A year after 386BSD 0.1 was released, the patch kit had gotten too large to handle comfortably. The three patch kit coordinators (Nate Williams, Rod Grimes, and Jordan Hubbard) went to Bill Jolitz with a plan to create a snapshot of 386BSD that was cleaned up and had all of the accumulated patches included. It would have been called “386BSD 0.5 or 386BSD Interim”. However, all work on the project came to a halt after Bill withdrew his support for the idea.
FreeBSD co-founder Jordan Hubbard was asked about these events in 2002. He said that “I don’t think any of us really understood Bill or how his somewhat byzantine mental processes worked. He was definitely a smart guy who was capable of banging out some difficult code, but he was also one of those people who, if he worked for your company, would be kept locked in a room with a workstation and fed on flat food like pizza and pita bread, anything which could be shoved under the door without having to unlock it.” Jordan later joined Apple’s Darwin team. Darwin is the Unix-like operating system that macOS, iOS, watchOS, and tvOS are based on.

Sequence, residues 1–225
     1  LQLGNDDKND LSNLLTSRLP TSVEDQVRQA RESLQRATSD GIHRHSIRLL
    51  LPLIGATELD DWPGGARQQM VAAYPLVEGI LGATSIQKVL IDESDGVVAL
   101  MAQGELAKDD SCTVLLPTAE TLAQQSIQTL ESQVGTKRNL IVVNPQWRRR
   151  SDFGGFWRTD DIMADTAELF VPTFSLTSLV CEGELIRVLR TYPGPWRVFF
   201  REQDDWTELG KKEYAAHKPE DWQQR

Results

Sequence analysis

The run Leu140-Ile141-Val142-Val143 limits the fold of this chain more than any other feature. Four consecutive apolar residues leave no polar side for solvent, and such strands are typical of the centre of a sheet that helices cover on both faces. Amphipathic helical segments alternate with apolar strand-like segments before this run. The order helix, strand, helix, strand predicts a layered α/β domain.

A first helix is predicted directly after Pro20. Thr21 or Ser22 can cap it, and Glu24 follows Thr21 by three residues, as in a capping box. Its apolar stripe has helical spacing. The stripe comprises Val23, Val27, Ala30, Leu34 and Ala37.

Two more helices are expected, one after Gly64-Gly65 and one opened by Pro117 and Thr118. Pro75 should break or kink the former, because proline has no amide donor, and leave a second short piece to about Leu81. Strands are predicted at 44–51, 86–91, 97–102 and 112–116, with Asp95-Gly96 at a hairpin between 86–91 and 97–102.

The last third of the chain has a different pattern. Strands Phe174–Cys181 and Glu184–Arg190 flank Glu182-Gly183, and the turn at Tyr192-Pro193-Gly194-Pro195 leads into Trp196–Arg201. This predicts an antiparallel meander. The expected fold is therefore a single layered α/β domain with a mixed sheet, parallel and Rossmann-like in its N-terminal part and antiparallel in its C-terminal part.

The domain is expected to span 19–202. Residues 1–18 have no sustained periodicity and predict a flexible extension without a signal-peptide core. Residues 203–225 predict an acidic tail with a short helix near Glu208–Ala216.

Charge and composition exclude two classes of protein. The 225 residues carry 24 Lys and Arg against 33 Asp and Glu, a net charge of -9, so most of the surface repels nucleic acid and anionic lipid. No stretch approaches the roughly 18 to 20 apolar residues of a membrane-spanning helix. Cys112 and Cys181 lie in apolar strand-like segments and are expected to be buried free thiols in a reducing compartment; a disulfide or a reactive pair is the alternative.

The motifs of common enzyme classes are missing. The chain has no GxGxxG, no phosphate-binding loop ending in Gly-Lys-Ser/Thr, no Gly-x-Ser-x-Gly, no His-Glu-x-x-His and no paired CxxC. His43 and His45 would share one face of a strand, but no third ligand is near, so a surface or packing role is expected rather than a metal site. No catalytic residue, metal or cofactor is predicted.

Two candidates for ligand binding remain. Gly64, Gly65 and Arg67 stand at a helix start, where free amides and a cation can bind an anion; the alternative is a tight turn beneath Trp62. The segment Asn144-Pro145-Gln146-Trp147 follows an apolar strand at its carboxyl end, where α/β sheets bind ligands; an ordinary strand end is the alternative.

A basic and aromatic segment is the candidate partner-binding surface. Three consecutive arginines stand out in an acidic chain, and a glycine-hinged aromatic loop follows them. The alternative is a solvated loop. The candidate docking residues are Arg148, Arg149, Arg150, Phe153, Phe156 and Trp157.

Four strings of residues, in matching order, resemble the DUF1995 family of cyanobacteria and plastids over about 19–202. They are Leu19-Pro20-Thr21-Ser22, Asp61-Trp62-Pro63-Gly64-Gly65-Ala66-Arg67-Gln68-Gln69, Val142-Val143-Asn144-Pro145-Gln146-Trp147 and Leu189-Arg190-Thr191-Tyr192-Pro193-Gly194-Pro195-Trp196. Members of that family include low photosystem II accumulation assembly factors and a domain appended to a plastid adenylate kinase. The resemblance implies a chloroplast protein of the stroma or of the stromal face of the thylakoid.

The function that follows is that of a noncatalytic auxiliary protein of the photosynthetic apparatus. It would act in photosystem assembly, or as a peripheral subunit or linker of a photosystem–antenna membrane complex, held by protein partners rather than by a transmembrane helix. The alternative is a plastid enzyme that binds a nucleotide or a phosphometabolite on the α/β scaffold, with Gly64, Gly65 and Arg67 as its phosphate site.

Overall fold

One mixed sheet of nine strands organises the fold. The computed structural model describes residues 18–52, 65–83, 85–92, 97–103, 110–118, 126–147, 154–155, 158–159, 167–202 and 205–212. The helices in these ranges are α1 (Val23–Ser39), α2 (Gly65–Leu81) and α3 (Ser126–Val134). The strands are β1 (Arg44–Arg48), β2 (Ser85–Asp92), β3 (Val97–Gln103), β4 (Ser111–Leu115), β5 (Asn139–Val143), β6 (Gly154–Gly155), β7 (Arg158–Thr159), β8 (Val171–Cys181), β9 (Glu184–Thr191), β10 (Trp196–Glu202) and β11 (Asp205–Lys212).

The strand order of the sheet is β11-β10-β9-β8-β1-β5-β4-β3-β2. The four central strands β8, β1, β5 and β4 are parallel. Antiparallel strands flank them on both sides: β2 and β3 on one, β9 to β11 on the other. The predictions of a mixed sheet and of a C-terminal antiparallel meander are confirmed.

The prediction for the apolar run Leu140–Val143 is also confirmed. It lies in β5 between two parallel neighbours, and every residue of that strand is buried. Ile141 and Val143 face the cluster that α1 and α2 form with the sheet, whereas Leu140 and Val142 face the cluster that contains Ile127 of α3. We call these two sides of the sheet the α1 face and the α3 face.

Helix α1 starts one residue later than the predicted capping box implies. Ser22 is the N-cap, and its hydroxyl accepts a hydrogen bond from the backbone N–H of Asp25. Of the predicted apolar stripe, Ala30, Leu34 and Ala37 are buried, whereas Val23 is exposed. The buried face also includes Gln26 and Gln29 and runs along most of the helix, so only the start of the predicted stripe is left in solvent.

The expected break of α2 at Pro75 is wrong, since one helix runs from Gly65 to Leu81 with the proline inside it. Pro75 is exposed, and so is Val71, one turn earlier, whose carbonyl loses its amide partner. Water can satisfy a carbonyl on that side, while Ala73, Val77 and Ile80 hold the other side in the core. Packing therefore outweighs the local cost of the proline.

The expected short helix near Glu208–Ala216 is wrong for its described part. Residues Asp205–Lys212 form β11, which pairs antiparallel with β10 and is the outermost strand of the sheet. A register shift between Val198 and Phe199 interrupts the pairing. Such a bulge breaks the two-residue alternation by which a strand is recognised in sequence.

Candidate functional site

Terry Lambert also noted that Bill and his wife got involved in a disagreement with the community that led to bad blood.
FreeBSD Rises from the Ashes
After Bill Jolitz pulled his support from the snapshot project, the patchkit maintainers decided to carry on anyway under a new name. They considered several names (BSDFree86 and Free86BSD) before settling on FreeBSD.
In order to reach more people, the FreeBSD people decided to contact Walnut Creek CDROM about creating a distribution partnership. Walnut Creek liked the idea so much that they proceeded “to provide the project with a machine to work on and a fast Internet connection”. Walnut Creek went on to demonstrated FreeBSD at Comdex and other computer tradeshows, which “led to a fast, large growth curve”.
FreeBSD 1.0 was released in November of 1993. According to the FreeBSD Handbook, it was “based on the 4.3BSD-Lite (“Net/2”) tape from U.C. Berkeley, with many components also provided by 386BSD and the Free Software Foundation”.
It was available to download for free from the FreeBSD servers. For those with a poor internet connection, they could purchase a CD (which became available the following month) from Walnut Creek for $39.95 plus shipping. Since users were not required to purchase a license, this price was very cheap for an operating system.